BONUS: This edition contains an Arcadia Falls discussion guide.
Financial straits and a desire for a fresh start take recently widowed Meg Rosenthal and her aloof teenage daughter, Sally, to Arcadia Falls, a tucked-away hamlet in upstate New York where Meg has accepted a teaching position at a boarding school. The creaky, neglected cottage they’ll be calling home feels like an ill omen, but Meg is determined to make the best of it. Then a shocking crisis strikes: During Arcadia’s First Night bonfire, one of Meg’s folklore students plunges to her death in a campus gorge. Sheriff Callum Reade finds the presumed accident suspicious, but then, he is a man with a dark past himself. Meg is unnerved by Reade’s interest in the girl’s death, and as long-buried secrets emerge, she must face down her own demons and the danger threatening to envelop Sally. As the past clings tight to the present, the shadows, as if in a terrifying fairy tale, grow longer and deadlier.
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|Title of eBook: Arcadia Falls|
|Release Date: 03-09-2010|
|Allowed Countries (hover)|
|Publisher: Ballantine Books|
This eBook download is available in the following formats:
|Parent title||Arcadia Falls|
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"We're lost," my daughter tells me for the third time in an hour. "I told you we should have gotten GPS. Lexy's mother has it and they never get lost."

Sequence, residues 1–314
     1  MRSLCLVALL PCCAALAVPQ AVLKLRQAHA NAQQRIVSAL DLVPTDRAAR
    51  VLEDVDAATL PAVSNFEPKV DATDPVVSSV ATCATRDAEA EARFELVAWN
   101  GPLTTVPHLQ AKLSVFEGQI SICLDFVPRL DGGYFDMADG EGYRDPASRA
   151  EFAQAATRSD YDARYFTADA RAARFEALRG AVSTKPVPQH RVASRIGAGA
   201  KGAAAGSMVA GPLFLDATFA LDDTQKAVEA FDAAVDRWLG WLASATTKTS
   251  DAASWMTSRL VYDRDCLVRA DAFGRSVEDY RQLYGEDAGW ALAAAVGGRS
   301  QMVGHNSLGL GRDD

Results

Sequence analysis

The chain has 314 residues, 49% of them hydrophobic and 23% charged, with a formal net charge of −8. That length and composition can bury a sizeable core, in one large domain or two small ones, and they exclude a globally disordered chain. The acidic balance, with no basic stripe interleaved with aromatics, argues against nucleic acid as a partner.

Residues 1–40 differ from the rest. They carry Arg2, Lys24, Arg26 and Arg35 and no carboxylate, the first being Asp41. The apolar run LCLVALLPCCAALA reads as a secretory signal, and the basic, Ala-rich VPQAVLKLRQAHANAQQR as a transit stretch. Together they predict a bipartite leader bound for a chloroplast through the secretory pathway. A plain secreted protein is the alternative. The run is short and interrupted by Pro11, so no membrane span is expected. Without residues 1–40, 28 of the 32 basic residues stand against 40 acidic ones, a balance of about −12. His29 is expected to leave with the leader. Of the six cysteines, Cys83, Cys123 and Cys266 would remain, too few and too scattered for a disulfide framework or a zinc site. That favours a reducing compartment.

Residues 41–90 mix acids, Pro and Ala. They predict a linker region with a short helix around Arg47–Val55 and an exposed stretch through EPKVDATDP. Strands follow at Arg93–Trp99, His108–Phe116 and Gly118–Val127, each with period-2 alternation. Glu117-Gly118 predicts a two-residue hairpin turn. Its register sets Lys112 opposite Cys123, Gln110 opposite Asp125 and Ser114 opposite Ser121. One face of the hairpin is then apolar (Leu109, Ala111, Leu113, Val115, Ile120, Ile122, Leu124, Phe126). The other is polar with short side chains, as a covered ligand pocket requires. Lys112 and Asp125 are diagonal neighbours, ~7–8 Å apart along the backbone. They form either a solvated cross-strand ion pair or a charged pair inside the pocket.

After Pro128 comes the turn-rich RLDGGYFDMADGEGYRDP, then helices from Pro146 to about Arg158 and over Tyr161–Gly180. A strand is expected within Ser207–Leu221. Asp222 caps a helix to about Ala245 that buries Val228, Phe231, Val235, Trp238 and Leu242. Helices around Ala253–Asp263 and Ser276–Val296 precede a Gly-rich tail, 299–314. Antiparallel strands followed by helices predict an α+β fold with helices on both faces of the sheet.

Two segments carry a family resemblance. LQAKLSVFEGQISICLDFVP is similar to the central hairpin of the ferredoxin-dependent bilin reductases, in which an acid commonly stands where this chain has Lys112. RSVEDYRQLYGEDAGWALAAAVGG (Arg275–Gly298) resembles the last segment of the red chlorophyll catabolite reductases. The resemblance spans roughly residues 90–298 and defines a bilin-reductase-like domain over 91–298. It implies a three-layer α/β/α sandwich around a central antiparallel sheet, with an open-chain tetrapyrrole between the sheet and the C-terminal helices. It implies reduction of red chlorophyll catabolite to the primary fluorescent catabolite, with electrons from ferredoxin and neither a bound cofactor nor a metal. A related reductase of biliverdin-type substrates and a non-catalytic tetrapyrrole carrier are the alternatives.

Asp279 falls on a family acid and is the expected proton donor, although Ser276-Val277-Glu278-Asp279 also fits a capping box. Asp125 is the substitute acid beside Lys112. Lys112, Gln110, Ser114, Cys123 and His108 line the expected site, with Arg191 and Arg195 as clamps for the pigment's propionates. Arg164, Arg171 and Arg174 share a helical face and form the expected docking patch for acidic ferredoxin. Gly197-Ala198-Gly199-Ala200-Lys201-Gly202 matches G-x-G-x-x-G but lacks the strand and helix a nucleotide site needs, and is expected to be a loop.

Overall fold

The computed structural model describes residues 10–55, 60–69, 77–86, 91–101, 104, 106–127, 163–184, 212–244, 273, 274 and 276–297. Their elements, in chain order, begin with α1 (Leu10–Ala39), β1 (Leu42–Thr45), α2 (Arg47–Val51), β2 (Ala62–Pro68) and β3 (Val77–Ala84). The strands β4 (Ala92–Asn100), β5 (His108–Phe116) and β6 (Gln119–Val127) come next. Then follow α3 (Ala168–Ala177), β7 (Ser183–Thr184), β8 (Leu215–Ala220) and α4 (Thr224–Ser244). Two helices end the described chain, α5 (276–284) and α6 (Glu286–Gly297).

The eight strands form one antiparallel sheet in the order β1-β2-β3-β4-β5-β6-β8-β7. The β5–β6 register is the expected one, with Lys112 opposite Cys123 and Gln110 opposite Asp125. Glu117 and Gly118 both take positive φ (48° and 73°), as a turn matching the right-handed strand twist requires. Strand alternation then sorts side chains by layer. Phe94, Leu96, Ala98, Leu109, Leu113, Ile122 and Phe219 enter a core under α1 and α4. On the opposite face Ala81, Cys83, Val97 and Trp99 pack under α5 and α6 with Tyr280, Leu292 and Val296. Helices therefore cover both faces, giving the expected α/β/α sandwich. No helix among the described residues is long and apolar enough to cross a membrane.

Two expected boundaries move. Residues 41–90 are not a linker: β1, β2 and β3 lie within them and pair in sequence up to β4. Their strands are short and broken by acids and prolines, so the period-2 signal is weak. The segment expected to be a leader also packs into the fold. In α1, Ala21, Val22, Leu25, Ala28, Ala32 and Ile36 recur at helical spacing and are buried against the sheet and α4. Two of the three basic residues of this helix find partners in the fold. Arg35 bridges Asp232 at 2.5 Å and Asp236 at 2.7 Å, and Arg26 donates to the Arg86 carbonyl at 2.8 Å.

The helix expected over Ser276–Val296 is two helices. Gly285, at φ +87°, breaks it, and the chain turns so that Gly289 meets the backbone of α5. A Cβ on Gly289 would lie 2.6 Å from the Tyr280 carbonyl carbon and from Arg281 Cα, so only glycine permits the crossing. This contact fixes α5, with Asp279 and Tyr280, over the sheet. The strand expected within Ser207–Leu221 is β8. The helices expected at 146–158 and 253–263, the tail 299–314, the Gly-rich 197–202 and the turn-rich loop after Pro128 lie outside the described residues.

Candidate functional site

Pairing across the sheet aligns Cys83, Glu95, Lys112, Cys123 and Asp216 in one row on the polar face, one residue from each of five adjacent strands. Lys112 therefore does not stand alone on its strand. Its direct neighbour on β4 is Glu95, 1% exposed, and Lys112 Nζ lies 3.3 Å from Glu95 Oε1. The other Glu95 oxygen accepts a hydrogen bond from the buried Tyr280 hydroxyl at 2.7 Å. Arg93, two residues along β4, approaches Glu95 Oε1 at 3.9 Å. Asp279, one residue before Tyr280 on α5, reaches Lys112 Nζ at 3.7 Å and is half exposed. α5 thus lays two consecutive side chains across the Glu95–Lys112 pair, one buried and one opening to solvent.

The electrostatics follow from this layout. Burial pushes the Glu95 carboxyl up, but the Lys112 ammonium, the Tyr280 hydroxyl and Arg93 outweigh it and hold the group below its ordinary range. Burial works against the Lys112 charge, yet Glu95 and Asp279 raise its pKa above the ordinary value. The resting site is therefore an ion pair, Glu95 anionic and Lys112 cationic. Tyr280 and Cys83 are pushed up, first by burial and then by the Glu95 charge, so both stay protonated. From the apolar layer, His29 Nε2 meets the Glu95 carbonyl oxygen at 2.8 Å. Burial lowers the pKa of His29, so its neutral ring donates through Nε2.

"We're not lost," I reply, biting back the urge to tell Sally that one, we can no longer afford the things Lexy's mother can, and two, the only places Lexy's mother drives to are the Americana shopping center and the hair salon, two destinations within a five-mile radius of their Kings Point home, and so she is not likely to get lost. Instead I say: "We're taking the scenic route."
Sally rolls her eyes, throwing her head, neck, and shoulders into a gesture so practiced it has attained the grace of a yoga asana. I told her this a few weeks ago, making a joke of it. It was the kind of thing she and I used to joke about: eye-rolling teenagers. Instead of laughing, she asked me with exaggerated patience not to try to be funny anymore. And would I please stop comparing everything to yoga, she added as she plugged her iPod buds into her ears.
"Scenic would imply that we were able to see something. How remote is this place?"
"It's only two and a half hours to the city."
"There's a train?" Sally asks, stretching her neck and sniffing as if scenting the air for freedom. When she sits up straight you can see how lovely she is-like an exotic wading bird craning its long neck.
"Well, no, I don't think so. There might be a bus."
"Oh," Sally says, slouching back into her more characteristic slump. She pulls her long legs-in the prefaded jeans that cost more than the rent on my first apartment-up to her chin and plugs in her iPod. "Great. A bus." I may as well have suggested she take a coach and four. Good thing. ...